M. Kordjamshidi, S. King/Energy and Buildings 41 (2009) 125–132

Overcoming problems in house energy ratings in temperate climates: A proposed new rating framework

Maria Kordjamshidi a,*, Steve King b

a Faculty of Engineering, Ilam University, Iran

b Faculty of Built Environment, University of New South Wales, Australia




Residential buildings

Energy efficient

Thermal performance assessment



This paper first demonstrates that an efficient design for a house in conditioned operation mode differs from that for the same house in the free-running operation mode, and that this is a primary reason for the inability of current energy based rating schemes to adequately assess the performance of passive design in a temperate climate. We examine the Australian Nationwide House Energy Rating Scheme as an example of this problem. A new practical framework for a house rating scheme is then presented. In this proposed framework, the efficiency of a house design is evaluated with reference to its thermal performance in free-running mode, in addition to its projected energy loads in conditioned operation mode. The study uses simulation to evaluate the thermal performances of houses, and employs multiregression analysis to develop the framework. The reliability of proposed framework as compared to the current energy based rating scheme is demonstrated. By attributing more value to the performance of houses in the free-running than the conditioned operation, it is assumed that policy objectives for reducing energy demand for space heating and cooling in the residential building sector are more likely to be achieved.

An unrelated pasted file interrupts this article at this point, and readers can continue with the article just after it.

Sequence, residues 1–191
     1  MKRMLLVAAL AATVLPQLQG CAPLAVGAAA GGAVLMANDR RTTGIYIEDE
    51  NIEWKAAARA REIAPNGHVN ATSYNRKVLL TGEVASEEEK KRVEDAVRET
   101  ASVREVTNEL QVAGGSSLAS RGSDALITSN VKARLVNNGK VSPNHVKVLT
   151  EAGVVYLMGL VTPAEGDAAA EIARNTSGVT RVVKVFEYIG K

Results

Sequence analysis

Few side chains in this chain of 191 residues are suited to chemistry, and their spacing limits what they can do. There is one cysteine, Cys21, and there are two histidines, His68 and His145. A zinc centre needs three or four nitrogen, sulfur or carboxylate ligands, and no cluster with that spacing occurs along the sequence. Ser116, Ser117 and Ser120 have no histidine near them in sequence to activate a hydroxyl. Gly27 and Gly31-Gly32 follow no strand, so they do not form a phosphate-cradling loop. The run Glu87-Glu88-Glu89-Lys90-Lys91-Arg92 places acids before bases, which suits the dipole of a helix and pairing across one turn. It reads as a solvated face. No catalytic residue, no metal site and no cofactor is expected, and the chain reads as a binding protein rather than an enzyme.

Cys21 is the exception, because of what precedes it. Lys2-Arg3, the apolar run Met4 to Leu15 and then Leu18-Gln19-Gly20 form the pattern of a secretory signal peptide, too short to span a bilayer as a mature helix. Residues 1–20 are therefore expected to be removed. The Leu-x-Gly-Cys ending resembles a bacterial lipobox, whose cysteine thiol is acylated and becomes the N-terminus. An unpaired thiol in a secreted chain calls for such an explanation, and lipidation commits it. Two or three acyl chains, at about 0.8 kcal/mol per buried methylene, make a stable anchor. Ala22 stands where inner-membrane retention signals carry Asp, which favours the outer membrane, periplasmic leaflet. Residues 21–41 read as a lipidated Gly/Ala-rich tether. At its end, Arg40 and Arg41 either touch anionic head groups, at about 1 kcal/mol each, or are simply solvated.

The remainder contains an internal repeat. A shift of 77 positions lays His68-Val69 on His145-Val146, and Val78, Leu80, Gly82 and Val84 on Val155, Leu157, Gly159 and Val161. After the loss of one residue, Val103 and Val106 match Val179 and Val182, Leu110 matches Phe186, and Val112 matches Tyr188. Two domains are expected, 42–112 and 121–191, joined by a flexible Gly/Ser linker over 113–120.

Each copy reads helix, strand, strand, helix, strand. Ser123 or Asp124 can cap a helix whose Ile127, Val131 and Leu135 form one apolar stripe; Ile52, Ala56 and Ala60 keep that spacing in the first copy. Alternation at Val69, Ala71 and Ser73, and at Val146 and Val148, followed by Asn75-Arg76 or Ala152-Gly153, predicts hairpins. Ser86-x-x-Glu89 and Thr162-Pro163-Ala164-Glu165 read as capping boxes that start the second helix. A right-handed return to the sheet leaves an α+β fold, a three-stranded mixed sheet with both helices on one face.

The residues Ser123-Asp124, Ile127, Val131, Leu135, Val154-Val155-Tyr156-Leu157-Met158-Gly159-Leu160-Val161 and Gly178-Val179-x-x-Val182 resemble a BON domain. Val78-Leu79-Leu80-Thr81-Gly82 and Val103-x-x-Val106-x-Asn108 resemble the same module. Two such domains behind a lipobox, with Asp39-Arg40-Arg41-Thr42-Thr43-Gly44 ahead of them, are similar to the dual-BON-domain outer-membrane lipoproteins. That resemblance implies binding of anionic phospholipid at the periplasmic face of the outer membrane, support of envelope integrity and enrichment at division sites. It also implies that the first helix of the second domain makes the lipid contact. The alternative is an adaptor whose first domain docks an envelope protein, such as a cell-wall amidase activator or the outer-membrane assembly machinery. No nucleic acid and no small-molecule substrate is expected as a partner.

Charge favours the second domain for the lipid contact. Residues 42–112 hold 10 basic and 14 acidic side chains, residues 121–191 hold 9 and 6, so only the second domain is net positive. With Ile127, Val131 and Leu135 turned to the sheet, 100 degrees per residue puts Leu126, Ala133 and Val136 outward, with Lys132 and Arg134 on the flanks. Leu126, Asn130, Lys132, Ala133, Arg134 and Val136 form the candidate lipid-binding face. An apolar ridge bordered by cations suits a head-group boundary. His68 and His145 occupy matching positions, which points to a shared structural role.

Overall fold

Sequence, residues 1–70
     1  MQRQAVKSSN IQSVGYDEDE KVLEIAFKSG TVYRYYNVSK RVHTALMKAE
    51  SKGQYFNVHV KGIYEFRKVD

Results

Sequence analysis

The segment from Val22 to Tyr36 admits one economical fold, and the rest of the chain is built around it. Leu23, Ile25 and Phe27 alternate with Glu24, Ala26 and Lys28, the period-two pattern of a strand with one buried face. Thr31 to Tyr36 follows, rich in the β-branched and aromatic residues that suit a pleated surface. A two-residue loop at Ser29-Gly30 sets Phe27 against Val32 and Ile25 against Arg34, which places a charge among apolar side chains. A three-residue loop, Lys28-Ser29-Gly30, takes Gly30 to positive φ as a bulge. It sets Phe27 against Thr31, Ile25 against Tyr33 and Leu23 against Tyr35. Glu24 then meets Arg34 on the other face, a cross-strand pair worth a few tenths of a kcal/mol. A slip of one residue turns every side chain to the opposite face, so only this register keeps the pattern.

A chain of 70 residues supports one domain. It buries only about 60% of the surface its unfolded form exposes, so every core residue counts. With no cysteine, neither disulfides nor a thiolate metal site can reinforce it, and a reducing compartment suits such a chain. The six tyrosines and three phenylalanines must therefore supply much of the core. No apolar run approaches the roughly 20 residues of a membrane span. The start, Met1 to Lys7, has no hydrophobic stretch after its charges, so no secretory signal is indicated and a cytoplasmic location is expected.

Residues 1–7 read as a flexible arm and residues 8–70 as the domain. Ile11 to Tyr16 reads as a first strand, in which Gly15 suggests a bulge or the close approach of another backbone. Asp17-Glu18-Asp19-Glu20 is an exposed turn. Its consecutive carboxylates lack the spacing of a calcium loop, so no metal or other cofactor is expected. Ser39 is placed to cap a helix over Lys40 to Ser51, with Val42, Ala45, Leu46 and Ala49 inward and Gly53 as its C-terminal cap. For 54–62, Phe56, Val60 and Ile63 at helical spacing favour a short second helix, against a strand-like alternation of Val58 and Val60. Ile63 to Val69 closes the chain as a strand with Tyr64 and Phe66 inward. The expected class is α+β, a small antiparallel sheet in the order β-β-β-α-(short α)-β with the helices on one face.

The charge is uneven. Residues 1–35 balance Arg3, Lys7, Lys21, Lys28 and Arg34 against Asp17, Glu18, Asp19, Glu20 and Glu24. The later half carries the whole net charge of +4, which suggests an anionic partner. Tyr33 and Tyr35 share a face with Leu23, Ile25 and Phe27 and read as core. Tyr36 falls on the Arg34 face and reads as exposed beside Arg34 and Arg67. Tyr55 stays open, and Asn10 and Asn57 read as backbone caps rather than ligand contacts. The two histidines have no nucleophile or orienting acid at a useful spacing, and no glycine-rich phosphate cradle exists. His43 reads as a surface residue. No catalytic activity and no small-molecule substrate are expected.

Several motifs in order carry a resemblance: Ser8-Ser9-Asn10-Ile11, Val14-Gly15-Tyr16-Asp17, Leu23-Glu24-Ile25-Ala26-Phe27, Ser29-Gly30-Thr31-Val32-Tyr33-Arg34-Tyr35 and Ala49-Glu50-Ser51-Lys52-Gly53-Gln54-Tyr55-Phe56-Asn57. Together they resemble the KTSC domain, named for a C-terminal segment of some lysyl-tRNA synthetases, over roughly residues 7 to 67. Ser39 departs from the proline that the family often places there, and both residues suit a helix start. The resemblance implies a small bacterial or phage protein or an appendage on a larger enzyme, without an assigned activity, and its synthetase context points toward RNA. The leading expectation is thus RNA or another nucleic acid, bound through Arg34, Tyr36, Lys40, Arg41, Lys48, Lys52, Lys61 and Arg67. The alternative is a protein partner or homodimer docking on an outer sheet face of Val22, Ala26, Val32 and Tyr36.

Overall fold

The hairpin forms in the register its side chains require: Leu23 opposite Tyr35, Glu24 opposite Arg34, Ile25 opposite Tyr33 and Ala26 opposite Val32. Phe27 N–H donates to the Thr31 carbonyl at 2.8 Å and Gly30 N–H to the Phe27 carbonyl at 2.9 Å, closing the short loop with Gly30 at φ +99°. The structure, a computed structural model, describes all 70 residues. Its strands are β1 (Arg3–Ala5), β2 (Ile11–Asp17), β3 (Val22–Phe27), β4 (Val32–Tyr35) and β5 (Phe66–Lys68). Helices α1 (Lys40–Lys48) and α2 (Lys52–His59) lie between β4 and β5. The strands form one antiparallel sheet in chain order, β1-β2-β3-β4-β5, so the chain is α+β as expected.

1. Introduction

Throughout the world, a variety of House Rating Schemes (HRS) has been developed to evaluate residential building performance. While Roulet et al. [ 1] outline multiple criteria and rating methods employed, energy efficiency has been the main parameter in almost all developed building rating schemes. Building rating schemes have historically favoured an ‘energy indicator’ for their perfor­mance evaluation (usually normalized by the area or the volume of the dwelling) [2–10], because:


(a)  Energy represents a high percentage of the running cost of a building and has a major effect on the thermal and visual comfort of the occupants.

(b)  Notwithstanding the likely discrepancies between projected theoretical energy loads and variable real-world consumption, an energy rating can give a potential buyer information on the energy bills that are likely to arise.

(c)   Where heating and cooling plants are either a normal, or a mandated part of building construction, energy ratings help to choose appropriate HVAC equipment; and arguably this allows for competition in the market to refine the rated capacity of the size of plant.